Lateral region. Only pedotectum I present (Figure 49); Pd I large lamina; the border can be followed a short distance to ex setae; h.ap clearly discernible as a structure with longitudinal furrow (Figure 43).

Ventral region. Subcapitulum diarthric, cerotegumental layer observed only behind h setal insertions (Figure 55). Subcapitular setae faintly barbate on either side, sharply tipped. Setae differing greatly in shape (see Figure 55): a (42 μm ± 3 μm) simple, sharply tipped; m (55 μm ± 3 μm); h (48μm ± 3 μm). Chelicera (Figure 51) elongate, with cha, chb setae. Series of dorsoventrally directing scales posterior to cha, chb setae; the largest is found dorsally, appears darker, followed by small transparent scales. Small movable digit (Figure 51) (see Discussion).

Epimeres I, II typical morphology, ventrosejugal furrow easily discernible, other epimeres not visible. Epimeral setation 3-1-3-3 (Figures 49, 54). Aggenital and adanal setae difficult to identify due to adanal-aggenital neotrichy. Neotrichy originates laterally to anal opening, is very prominent on posterior zone, number of setae varies between 8-10 (See Discussion).

Legs (Figures 70-74, Table 2). Leg shape similar to Basilobelba retiarius  (Grandjean, 1959), moniliform with bulbous segments and large peduncles (Figures 70-74), femoral peduncles being largest. Tarsi particularly shaped, narrower between bulb and claw on legs I-IV. Cerotegumental layer covering segments but only basal zone of setae (Figure 60).

Setal formulae: I(1-6-4-5-20-1) (1-2-2); II(1-2-4-4-14-1) (1-1-2); III(2- 3-3-4-12-1) (1-1-0); IV(1-3-2-4-10-1) (0-1-0). Setae d present on all femurs, genua and tibiae. On tibia I (Figure 70) seta d is small and hardly discernible (Figure 73), situated on the same promontory as solenidion φ 2. On all other tibiae (II, III, IV) (Figures 71, 72, 74),genua and femurs setae d large and barbate (Figures 70, 71, 72, 74).

Nymphal Scalps. Limited number of specimens and the necessity of dissection impeded comprehensive study of scalps, for this reason our study was limited to deutonymphal and tritonymphal scalps. Observed particularities: Very particular bean-shaped structures are found on either side of the decoupage zone around the horn-like structure (Figures 63, 64, 65, 66).

Scalps present polyhedral reticulate to ovoid cuticular structure (s.r.s), most visible on internal side (Figure 69) but also on entire scalp (Figures 63-69). Internally scalps present a very thin cuticular layer (t.c.l) (Figure 69) covering polygonal-ovoid structures. The s.r.s often appearing either completely perforated or with a thin cuticular layer (t.c.l) resembling an interior membrane (Figures 63, 65, 66, 67). In Figure 64 the s.r.s is clearly visible due to transparency, also internally, on both sides of the decoupage zone around the horn. The complexity of these perforated areas is yet more interesting as the polyhedral reticular structure, when not perforated, is more or less rounded, surrounded by a polyhedral structure (Figure 67, 68).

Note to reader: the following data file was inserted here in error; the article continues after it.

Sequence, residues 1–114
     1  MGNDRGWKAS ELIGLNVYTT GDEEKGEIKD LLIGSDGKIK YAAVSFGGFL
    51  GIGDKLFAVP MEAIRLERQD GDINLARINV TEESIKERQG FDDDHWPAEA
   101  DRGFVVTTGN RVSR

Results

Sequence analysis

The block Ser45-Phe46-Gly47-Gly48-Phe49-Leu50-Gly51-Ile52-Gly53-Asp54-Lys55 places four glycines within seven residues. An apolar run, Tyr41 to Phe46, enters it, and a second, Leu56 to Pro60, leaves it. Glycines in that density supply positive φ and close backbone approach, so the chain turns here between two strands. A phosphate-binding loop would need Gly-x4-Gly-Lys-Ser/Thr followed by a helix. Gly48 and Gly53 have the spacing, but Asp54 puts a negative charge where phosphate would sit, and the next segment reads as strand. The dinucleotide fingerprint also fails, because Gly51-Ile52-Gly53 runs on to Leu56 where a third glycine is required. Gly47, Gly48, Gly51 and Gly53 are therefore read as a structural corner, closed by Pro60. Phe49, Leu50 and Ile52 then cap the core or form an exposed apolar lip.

Tritonymphal scalps (Figures 43, 45, 66, 69). Basque beret-shaped (Figure 66) tritonymphal scalp fixed to the adult by two structures, one situated anteriorly and the other posteriorly. Heart-shaped structure (tritonymphal buckle) in anterior part affixing scalp to adult notogaster. Tritonymphal buckle consisting of two loops (a) (Figures 43, 44), curving outwards then inwards forming a heart-shaped structure, continuing to meet in the plane of symmetry forming a thong-like structure (n) (Figure 44) in order to receive the wart (ve) (Figures 53). The ve is a round-ovoid structure (Figure 62) situated on the adult cuticular surface, functioning like a snap button, fixing the anterior part of the scalp to the adult cuticle. Depression (f) on the posterior adult cuticular surface (Figure 53) is indicated by a dotted round zone with f in centre. Observing f is difficult, necessitating changes in angle of observation. Zone f functions by coaptation with the interior part (su) (Figure 69 indicated by ¿) (i.e. the inner curving part of the horn-like structure). Small polyhedral structures (poly) are present (Figure 69 indicated by poly and¿) with similar characteristics to Basilobelba maidililae  Fernandez et al., 2015 but obtaining high resolution SEM images was impossible due to a technical problem. Setae h1, h2, h3, p1 clearly visible; setae lp, lm only visible in some instances, due to the cerotegumental layer impeding observation (Figure 65). Horn-like structure on posterior scalp border (Figure 64, 65) aiding in hooking the deutonymphal scalp.

Deutonymphal scalps (Figures 43, 63, 64, 65). Tritonymphal and deutonymphal scalps differ greatly (Figures 66 and 63). No buckles for adherence observed in anterior zone of deutonymphal scalps, and posterior zone (Figures 63, 64) with horn-like structure fixing the protonynphal scalp found on a mobile strip (le) consisting of a section of deutonymphal scalp (See Grandjean 1959). Horn-like structure composed of a style (s) and a stylet (st) (Figure 64). In common with the tritonymphal scalp, a bean-shaped structure ( is observed. Only posterior setae h1, h2, h3, p1 are visible.


The remarkable perforated structures are not observed in other congeners. At present we are studying another species from Rwanda with bean-shaped structures on scalps, similar to those in Basilobelba spasmenosi  sp. n.